And what are they like, those blessed beings of whom the text speaks? The Gospel for this day describes them to us; and we may look on that description as complete, for He who gives it is none other than our Lord Himself. "Blessed are the poor in spirit; for their's is the kingdom of heaven. Blessed are they that mourn: for they shall be comforted. Blessed are the meek: for they shall inherit the earth. Blessed are they who hunger and thirst after righteousness: for they shall be filled. Blessed are the merciful: for they shall obtain mercy. Blessed are the pure in heart: for they shall see God. Blessed are the peace- makers: for they shall be called the children of God. Blessed are they which are persecuted for righteousness' sake: for their's is the kingdom of heaven. Blessed are ye, when men shall revile you, and persecute you, and shall say all manner of evil against you falsely, for my sake. Rejoice, and be exceeding glad: for great is your reward in heaven."

This is what they are like; and what we, I fear, too many of us, are not like. But in proportion as we grow like them, by the grace of God, just so far shall we enter into the communion of saints, and understand the bliss of that everlasting All Saints' Day which St John saw in heaven.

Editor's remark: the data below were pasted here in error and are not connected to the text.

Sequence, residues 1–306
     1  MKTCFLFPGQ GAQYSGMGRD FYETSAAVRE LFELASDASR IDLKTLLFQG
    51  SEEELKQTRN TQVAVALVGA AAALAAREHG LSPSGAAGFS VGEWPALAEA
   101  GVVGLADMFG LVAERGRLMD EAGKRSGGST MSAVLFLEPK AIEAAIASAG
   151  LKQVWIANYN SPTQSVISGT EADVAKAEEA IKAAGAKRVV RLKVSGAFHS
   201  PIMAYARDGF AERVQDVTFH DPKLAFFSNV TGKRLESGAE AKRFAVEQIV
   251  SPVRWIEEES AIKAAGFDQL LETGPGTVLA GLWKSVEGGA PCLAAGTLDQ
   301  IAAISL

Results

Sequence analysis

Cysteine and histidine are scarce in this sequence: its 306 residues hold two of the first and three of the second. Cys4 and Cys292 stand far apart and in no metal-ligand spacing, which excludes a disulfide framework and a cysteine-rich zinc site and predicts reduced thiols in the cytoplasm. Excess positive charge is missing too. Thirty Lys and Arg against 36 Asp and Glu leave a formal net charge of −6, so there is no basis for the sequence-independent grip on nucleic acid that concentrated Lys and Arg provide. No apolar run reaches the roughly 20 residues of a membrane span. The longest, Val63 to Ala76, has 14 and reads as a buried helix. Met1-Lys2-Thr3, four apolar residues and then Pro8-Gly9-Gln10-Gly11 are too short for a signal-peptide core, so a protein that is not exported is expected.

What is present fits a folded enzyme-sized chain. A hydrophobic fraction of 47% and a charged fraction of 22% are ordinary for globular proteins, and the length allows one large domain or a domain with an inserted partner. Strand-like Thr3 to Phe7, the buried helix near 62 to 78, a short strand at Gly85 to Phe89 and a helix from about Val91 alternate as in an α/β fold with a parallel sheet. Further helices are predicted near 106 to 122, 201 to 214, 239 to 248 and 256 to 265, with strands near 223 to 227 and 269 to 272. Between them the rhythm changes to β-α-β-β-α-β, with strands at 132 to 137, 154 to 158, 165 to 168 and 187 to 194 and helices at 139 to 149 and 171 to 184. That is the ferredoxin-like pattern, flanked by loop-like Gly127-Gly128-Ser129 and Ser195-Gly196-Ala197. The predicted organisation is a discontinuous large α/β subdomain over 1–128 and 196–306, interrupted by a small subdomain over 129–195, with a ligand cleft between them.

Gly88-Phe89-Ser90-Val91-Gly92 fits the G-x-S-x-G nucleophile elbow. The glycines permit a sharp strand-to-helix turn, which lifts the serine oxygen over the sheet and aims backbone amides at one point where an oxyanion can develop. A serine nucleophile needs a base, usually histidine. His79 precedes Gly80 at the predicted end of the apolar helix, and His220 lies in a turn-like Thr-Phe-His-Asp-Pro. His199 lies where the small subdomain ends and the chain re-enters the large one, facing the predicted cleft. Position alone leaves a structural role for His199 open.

And what do they do, those blessed beings? Whatever else they do, or do not do, this we are told they do--they worship. They satisfy, it would seem, in perfection, that mysterious instinct of devotion--that inborn craving to look upward and adore, which, let false philosophy say what it will, proves the most benighted idolater to be a man, and not a brute--a spirit, and not a merely natural thing.

They have worshipped, and so are blest. They have hungered and thirsted after righteousness, and now they are filled. They have longed for, toiled for, it may be died for, the true, the beautiful, and the good; and now they can gaze upward at the perfect reality of that which they saw on earth, only as in a glass darkly, dimly, and afar; and can contemplate the utterly free, the utterly beautiful, and the utterly good in the character of God and the face of Jesus Christ. They entered while on earth into the mystery and the glory of self-sacrifice; and now they find their bliss in gazing on the one perfect and eternal sacrifice, and rejoicing in the thought that it is the cause and ground of the whole universe, even the Lamb slain before the foundation of the world.